But something — maybe his therapy sessions, maybe simply his duty to the job — led Young back to his creativity, where he was able to channel his anger into art, specifically the song ‘fuego’, named for the intense emotions he was feeling both in himself and around L.A. at the time. “[The song is] just me questioning art, questioning myself as a man, as a Black man, questioning the world, why is it the way it is,” he describes. “But all in all, with all the negativity that’s going on, for me and my family I’m going to make sure we’re fuego — I’m gonna make sure we’re fire.”
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So to help finish the record he recruited rapper Tyler, The Creator, which he found symbolic in that Tyler is “another great Black man that’s done tremendous things.” Together, over a beat that smoulders with distorted bass and sprinkles of Rhodes, they rap flaunty lines and hurl cheeky insults at their competition like, “You just a beat they gon’ flip.”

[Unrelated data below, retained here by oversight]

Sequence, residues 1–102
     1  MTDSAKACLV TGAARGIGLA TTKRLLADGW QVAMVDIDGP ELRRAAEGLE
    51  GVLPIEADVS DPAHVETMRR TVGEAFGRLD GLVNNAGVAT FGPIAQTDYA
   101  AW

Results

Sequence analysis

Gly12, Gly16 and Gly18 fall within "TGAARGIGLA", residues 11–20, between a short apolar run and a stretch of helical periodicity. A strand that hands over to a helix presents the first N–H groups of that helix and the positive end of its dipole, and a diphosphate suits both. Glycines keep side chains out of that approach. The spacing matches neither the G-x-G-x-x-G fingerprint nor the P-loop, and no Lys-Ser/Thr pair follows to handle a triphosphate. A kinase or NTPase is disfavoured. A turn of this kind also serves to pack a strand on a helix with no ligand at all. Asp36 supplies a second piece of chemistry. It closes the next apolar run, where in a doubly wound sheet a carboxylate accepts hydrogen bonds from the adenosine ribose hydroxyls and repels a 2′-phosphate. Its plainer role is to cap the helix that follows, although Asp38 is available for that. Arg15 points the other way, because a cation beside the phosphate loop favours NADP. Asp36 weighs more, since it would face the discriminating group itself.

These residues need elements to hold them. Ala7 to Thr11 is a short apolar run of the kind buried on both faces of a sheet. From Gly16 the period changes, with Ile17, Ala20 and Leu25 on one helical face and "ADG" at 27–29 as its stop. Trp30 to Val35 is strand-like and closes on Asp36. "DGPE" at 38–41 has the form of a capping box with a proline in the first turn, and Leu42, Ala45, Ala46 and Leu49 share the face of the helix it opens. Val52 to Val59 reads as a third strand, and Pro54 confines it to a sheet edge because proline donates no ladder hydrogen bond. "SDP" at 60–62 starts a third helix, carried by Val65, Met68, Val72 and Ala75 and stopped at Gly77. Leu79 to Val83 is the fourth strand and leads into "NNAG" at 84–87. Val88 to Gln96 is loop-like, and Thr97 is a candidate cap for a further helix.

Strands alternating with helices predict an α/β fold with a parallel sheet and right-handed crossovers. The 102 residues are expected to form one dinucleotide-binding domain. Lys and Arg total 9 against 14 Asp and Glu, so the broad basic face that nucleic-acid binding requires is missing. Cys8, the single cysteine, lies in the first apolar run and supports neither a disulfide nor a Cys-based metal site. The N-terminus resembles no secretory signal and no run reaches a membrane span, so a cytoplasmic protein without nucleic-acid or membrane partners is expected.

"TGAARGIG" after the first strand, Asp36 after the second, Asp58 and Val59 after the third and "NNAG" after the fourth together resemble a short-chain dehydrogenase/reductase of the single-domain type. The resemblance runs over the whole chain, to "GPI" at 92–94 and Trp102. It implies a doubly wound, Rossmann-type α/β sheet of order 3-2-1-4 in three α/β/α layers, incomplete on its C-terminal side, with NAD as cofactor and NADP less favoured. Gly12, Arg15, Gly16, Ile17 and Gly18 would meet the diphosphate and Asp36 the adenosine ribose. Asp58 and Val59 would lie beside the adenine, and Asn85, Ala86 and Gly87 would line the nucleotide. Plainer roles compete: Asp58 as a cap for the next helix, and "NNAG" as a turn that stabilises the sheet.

It continues Young’s thread of tongue-in-cheek songs that carry political undertones, like ‘Sexy Black Timberlake’ on 2019’s ‘Black Moses’ EP, a seemingly carefree groove that’s actually pointing out the objectification of Black men, and ‘Jet Black’ from his debut, a celebration of Black pride within a two-step anthem.
‘Fuego’ also marked the inflection point where Young stopped viewing quarantine as an inhibitor and instead an opportunity to grow. Which then set in motion the recording of ‘i can't go outside’, as well as the creation of Art For Their Good, the production company that released the project and will one day function as a non-profit for kids in the Compton area, he hopes. During lockdown he was able to donate instruments to the Compton Unified School District and host some online production classes for students.